For over a dozen years after Section 382 was promulgated in substantially its current form with the Tax Reform Act of 1986, taxpayers and the IRS were at odds over this concept of some component of post-change operating income being attributable to pre-change built-in gains that was eligible for offset by pre-change losses without restriction by the annual Section 382 limitation. Finally, in response, the IRS published Notice 2003-65 permitting taxpayers to rely on safe harbor approaches for applying the built-in gain or loss rules of Section 382(h) to an ownership change “prior to the effective date of temporary or final regulations.” That caveat proved to be an ominous one. Notice 2003-65 provided taxpayers with two alternative safe harbors, the 338 Approach and the 1374 Approach, for the identification of RBIGs and RBILs of the loss corporation.
The two approaches are similar in that both measure unrecognized built-in gains and losses at the change date based on deemed sales of all of the loss corporation’s assets. The 1374 Approach borrows the accrual method rules used to measure net recognized built-in gain for purposes of C corporations electing S status. The 338 Approach borrows similar rules which compare actual items of income, gain, deduction, and loss with those that would have resulted had a Section 338 election been made in a hypothetical purchase of all of the stock of the loss corporation on the change date.
The subtle but critical difference is the broader scope of built-in gain and income items under the 338 Approach which includes “forgone” depreciation and amortization deductions. In application, the Section 1374 Approach favors the deferral of NUBILs because it requires an actual discrete disposition event in order to apply. On the other hand, the 338 Approach is favorable for loss corporations in a NUBIG position because it accelerates RBIGs in the form of taxable income in amounts equal to the incremental amortization or depreciation that would have been available had a tax basis step-up to fair market value been provided at the change date.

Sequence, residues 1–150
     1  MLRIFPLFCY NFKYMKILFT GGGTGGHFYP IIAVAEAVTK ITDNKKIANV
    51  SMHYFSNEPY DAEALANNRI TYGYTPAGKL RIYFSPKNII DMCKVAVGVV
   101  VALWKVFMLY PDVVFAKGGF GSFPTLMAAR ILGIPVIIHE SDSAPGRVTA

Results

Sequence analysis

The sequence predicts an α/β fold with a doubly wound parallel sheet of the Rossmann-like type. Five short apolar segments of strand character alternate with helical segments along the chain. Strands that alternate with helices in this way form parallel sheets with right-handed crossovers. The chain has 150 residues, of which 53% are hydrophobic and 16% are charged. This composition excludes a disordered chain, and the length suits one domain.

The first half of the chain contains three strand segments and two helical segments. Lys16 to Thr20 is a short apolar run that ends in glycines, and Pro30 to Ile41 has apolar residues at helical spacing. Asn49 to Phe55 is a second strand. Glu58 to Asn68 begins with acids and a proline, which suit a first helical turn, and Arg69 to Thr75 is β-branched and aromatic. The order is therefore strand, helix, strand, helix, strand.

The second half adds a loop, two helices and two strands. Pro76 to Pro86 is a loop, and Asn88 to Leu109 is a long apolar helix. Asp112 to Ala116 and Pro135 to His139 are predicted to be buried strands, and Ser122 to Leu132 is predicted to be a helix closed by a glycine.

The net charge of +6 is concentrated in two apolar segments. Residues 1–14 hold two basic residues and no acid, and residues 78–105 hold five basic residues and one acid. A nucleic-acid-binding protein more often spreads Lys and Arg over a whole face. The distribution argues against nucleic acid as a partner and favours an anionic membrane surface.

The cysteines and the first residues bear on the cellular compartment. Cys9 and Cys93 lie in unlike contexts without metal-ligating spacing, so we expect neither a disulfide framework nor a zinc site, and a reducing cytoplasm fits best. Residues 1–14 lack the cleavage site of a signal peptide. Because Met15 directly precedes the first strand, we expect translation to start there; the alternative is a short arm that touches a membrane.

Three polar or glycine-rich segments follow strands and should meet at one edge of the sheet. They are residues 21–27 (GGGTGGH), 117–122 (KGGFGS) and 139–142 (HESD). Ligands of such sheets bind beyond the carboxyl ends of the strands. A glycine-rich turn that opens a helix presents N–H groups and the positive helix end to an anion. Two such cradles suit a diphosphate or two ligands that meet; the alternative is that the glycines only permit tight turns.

In essence, such depreciation or amortization of the NUBIG under the applicable tax conventions for cost recovery is a surrogate for measuring the incremental income generated by the acquired assets. Prior to Notice 2003-65, taxpayers and the government had argued over more subjective economic analyses reminiscent of the litigation over the actual tax amortization of purchased goodwill that led to the enactment of Section 197 in 1993.
September Proposed Regulations
The proposed regulations eliminate the 338 Approach and make a modified version of the 1374 approach the lone safe harbor for RBIG and RBIL recognition. The headline effect is to eliminate the unlimited use of target company NOLs in an amount equal to one-third (i.e., 5 year recognition period relative to 15-year recovery period) of the appreciated value of the target company’s intangible assets unless an actual recognition event occurs. For an early stage high technology company such as a pre-commercial stage biotechnology enterprise, the regulations would result in an enormous discount on what would have been the value of their NOL and R&D tax credit attributes under the 338 Approach unless deals are structured differently than the typical stock acquisition.